Friday , February 23 2024
Death Seat is the album Keith Richards would sell his rotten old soul to have made.

Music Review: Wooden Wand – Death Seat

The stories are as old as the hills they come from. Robert Johnson spoke of the hellhound on his trail. Johnny Cash saw a burning ring of fire. Mark Lanegan offered whiskey to the Holy Ghost. What they and countless others have tried to relay is a vision of the great unknown. James Jackson Toth, aka Wooden Wand, has seen a few things as well. The twelve country-blues songs that make up Death Seat feature occasional embellishments, but for the most part it is just him and his guitar.

The confirmation that James lives in a strange world is evident right from the beginning. “Sleepwalking After Midnight” is a nice tune, with a melody reminiscent of “Far Away Eyes” by the Stones. The lyrics are something entirely different though. This is a love song from the real America, a broadcast from deep in the old, weird South. Get it while you can is what James is saying, because “By the light of the watercolor sun, no one will recall what they’ve done.”

From there Toth heads straight to the source in “The Mountain.” Like a desperate hill-dwelling Nick Drake, he lays out a frightening vision of what it is to be truly alone. “I know a girl, who strips and shoots, she sees the world in absolutes,” he intones and you feel that you know her too. The tale is as dark as night, as is the delivery – and utterly riveting.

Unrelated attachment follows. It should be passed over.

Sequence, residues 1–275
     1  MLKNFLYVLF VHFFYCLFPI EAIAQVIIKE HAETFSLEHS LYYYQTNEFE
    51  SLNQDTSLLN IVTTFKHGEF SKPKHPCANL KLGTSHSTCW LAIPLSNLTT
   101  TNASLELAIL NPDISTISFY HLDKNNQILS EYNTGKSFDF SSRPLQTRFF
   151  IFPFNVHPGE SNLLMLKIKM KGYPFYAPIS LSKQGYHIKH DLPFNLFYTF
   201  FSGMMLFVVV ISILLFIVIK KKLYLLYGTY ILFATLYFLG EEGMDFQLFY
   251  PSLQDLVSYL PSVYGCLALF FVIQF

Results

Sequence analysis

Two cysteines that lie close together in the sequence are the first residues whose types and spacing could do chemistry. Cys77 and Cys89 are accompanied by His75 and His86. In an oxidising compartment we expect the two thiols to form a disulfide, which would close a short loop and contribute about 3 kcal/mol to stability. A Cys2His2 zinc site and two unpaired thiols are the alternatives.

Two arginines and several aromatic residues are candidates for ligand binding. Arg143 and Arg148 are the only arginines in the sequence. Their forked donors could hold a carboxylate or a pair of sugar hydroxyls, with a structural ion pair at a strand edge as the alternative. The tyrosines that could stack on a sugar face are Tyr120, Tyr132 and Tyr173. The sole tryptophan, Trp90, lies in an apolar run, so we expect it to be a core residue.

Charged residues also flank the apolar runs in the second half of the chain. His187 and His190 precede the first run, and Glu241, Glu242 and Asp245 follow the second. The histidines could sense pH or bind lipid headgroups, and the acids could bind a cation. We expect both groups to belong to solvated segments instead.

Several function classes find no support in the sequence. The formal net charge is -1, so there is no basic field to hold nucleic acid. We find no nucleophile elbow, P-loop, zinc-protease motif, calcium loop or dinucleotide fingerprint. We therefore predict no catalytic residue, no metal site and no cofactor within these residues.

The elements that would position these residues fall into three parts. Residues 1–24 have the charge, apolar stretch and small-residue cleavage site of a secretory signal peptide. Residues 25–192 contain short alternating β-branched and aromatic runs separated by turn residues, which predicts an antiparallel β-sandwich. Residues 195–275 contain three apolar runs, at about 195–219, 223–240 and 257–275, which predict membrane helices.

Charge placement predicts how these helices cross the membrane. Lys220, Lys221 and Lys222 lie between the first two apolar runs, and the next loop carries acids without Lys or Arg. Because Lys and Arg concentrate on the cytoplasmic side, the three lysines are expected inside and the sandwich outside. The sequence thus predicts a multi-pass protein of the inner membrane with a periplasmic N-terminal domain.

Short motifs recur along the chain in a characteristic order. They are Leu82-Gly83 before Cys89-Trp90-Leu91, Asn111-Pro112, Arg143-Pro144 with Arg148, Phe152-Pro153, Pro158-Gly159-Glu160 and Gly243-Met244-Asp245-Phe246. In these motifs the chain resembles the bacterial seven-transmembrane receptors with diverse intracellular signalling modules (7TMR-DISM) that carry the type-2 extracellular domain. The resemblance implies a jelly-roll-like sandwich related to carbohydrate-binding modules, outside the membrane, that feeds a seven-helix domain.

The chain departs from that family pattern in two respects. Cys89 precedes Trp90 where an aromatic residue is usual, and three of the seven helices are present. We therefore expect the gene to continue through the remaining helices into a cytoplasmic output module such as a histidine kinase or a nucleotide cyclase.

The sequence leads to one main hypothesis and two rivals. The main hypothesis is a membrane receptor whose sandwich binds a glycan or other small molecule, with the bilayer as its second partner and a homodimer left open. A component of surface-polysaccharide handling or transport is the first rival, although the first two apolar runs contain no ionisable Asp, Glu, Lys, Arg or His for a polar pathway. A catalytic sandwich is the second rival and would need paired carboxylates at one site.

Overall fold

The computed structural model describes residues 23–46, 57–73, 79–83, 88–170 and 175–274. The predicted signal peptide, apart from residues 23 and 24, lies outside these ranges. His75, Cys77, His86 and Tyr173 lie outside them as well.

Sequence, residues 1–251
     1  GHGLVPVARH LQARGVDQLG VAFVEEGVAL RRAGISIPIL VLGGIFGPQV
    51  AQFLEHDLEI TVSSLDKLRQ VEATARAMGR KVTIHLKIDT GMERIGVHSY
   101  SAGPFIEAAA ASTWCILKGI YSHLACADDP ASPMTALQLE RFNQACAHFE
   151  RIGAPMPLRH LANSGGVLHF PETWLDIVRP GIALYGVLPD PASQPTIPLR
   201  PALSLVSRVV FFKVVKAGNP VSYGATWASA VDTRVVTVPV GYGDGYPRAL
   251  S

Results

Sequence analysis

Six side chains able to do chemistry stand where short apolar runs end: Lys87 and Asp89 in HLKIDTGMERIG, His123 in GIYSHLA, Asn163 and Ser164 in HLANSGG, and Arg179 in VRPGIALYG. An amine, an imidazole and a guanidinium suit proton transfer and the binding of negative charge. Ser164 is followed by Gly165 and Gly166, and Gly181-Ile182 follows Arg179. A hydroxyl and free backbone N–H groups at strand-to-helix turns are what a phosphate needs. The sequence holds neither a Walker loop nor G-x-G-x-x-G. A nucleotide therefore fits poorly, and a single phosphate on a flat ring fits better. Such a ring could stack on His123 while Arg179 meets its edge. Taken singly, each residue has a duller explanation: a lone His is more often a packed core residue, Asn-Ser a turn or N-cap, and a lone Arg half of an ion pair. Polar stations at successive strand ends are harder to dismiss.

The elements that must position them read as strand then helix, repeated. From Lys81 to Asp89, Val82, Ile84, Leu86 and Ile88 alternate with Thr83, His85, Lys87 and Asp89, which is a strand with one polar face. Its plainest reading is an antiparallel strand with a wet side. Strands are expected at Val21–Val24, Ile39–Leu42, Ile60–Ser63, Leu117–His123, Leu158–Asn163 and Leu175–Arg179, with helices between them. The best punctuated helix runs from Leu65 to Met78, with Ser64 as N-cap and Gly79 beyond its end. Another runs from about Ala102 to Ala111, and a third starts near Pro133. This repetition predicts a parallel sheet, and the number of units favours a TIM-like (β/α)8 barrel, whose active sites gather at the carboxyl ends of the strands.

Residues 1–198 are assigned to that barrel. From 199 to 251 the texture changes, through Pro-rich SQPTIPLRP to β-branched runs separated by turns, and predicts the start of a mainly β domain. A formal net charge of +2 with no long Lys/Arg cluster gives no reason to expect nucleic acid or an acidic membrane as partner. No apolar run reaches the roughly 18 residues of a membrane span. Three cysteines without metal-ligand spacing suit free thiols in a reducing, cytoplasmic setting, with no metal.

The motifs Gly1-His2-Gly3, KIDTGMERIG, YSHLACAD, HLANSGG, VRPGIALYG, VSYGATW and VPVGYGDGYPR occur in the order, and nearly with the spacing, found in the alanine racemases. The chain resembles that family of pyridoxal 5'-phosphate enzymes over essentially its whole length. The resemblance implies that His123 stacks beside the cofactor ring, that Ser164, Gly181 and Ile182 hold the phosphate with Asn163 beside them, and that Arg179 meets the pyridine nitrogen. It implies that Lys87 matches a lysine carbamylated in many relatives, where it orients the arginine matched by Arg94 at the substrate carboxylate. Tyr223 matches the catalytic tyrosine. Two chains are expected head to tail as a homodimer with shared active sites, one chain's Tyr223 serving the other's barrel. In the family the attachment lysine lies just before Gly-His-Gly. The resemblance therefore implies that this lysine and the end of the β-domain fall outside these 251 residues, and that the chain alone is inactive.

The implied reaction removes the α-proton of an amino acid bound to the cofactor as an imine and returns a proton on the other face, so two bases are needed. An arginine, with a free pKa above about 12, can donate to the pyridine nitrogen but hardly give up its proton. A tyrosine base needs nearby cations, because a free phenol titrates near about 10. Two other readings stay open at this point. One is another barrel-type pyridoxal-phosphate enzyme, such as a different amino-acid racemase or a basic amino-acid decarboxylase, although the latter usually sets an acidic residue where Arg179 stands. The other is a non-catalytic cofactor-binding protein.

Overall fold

Title track “Death Seat” features some gorgeous interplay between mandolin and guitar, right behind the yarn James spins from his very own perch. While the subject matter is always mysterious, even threatening at times, the effect is (mostly) alleviated by the lighter music. But on “Hotel Bar,” the haunting words are matched with a truly desolate arrangement. Even the seemingly neutral sound of a strummed guitar sounds sinister when played behind a song that opens with the words “A hotel bar in the sky, where even your honesty is full of white lies.”

The album ends with a hymn titled “Tiny Confessions” and it is a necessary moment of redemption. Death Seat is the blues as poor white folks play (and live) it. It is the album Keith Richards would sell his rotten old soul to have made.

About Greg Barbrick

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